I have no idea if the staff at ScienceBlogs anticipated just how popular the religion vs. atheism debate would be on these pages, but it would seem we're not the only home of passionate and often thoughtful argument over the God Question. Over at the Washington Post's "On Faith" blog, there a fascinating example of what sets a science-oriented forums apart from those that appeal to a more general audience. Jacques Berlinerblau, an associate professor and program director at Georgetown University, recently complained that secularists are boring, and argued that atheists haven't come up with a new idea in more than a century. Really?
That's an argument that I don't think would go down to well in these parts. Seems to me that Richard Dawkins, Daniel Dennett and even Sam Harris (and of course PZ Myers) have made some pretty decent contributions to the debate in the form of applying evolutionary theory to the search for explanations for religiosity. But Berlinerblau, a social scientist, comes to a different conclusion:
Nonbelievers of late have been churning out loud, unsubtle, anti-religious manifestos. The world would be a better place, they all seem to suggest, if religion and all of its associated personnel were simply to disappear. In this regards the new nonbelievers seem stuck in the '90s--and by this I mean the 1890s. This calls attention to one glaring problem with atheism and agnosticism today: it lacks new ideas. The movement abounds in polemicists, but has not produced a thinker of real substance since perhaps the days of Jean-Paul Sartre.
He also refers to "nonbelievers whose best-selling spokespersons are fast becoming the soccer hooligans of reasoned public discourse."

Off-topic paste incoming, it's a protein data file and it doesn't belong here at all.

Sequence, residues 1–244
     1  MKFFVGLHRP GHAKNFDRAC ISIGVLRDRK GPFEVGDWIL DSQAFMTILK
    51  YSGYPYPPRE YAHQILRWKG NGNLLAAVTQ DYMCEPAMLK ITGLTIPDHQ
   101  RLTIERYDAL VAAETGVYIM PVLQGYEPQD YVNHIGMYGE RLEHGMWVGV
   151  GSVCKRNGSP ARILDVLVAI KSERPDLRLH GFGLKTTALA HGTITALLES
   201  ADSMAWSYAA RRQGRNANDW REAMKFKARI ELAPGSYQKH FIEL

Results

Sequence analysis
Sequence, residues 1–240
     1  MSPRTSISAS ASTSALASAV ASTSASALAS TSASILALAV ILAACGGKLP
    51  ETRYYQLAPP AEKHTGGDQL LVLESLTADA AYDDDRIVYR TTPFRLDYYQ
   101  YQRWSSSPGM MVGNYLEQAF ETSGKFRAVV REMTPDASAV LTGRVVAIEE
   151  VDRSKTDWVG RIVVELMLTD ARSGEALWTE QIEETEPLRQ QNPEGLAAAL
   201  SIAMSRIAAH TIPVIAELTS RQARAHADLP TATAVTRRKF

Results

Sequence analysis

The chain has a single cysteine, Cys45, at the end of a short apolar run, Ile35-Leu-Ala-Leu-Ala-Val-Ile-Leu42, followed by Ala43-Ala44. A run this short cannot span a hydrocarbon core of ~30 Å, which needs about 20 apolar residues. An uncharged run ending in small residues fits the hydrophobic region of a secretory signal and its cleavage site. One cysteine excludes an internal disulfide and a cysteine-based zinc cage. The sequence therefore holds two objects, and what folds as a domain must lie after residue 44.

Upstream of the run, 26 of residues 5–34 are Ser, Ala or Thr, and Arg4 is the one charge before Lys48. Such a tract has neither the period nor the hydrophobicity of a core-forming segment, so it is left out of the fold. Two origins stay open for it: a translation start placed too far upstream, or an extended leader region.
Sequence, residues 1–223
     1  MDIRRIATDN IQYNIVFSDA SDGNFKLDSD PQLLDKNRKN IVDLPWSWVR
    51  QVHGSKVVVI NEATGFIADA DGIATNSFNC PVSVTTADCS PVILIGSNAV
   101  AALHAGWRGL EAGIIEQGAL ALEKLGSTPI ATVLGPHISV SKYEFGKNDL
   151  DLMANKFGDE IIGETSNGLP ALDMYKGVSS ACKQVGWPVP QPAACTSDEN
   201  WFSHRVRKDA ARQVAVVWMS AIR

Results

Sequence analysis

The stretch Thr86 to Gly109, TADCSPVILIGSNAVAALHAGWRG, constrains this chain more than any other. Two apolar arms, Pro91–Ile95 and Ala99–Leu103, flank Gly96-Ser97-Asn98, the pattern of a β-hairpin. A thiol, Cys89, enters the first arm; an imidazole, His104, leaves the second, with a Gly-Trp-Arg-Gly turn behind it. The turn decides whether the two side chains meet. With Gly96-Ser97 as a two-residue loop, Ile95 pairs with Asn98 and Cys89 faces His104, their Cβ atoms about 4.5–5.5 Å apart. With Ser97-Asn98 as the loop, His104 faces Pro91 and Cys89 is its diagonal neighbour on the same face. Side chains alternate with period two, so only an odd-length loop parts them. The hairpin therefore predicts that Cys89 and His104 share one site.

The last time I checked, his post had attracted some 307 comments, and many of them were similarly puzzled by this failure to acknowledge the scientific argument.
Others pointed that atheists haven't needed any new ideas, having reached self-evident truth long ago, and pointed out that it's not like defenders of the faith have had anything new to say in oh... the last 1300 years or so.
Claiming the truth is not a particularly scientific notion. But I have to agree that it's not fair to argue atheists are bereft of ideas, especially when those of the theists are so tired and discredited.
I exchanged some email with Berlinerblau, but he didn't really shed any more light on his reasoning. And I have concluded that not only is there is wide chasm between science and faith, but between those who bring a scientific perspective to the debate, and those who do so from a social theory background.
I prefer the former.
Wait... you prefer those who come from a social theory background?
Are you sure you didn't mean 'former'?
Scientific argument? That's part of the problem. In my experience, most people do not/can not think that way. The scientific arguments don't trump their default modes of thinking, and to them the scientific approach is just another belief.
A simple example: heliocentrism. Why do some large percentage of Americans (I've forgotton the exact #) believe in this? A. it makes no difference in their lives, and b.) they don't understand the methods and data. I've been told that it is only "a mathematical arguement."
Even more fun, ask yourself (without peeking): How you know the earth rotates and how do you know it is in orbit around the sun? Have you done the experiments? Do you even know what experiments would need to be done? After finishing that exercise, ask how the way most people learned about heliocentrism is any different than learning religion from the pulpit.